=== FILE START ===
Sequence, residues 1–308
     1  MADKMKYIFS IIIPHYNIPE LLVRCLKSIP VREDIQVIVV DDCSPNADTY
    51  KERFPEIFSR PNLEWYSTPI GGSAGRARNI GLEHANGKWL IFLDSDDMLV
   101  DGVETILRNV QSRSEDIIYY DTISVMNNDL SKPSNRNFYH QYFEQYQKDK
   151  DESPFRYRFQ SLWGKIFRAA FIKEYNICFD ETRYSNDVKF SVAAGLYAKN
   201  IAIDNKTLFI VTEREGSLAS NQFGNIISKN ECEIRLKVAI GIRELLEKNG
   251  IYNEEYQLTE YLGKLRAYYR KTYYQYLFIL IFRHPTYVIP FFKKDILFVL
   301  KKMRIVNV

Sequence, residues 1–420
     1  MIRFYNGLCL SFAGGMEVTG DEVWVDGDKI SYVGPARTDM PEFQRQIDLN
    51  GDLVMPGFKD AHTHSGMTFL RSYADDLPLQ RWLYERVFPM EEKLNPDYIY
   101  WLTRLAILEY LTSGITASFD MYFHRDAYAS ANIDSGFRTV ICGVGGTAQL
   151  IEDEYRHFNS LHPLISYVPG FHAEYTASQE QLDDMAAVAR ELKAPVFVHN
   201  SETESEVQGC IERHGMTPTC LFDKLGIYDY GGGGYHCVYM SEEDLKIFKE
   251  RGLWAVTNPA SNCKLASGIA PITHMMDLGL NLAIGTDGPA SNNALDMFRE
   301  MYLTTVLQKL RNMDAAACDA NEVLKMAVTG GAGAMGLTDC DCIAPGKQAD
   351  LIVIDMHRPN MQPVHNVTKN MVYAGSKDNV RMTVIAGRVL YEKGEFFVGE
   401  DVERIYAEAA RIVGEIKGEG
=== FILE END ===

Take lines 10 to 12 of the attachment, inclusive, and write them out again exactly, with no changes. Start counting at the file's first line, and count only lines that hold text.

     1  MIRFYNGLCL SFAGGMEVTG DEVWVDGDKI SYVGPARTDM PEFQRQIDLN
    51  GDLVMPGFKD AHTHSGMTFL RSYADDLPLQ RWLYERVFPM EEKLNPDYIY
   101  WLTRLAILEY LTSGITASFD MYFHRDAYAS ANIDSGFRTV ICGVGGTAQL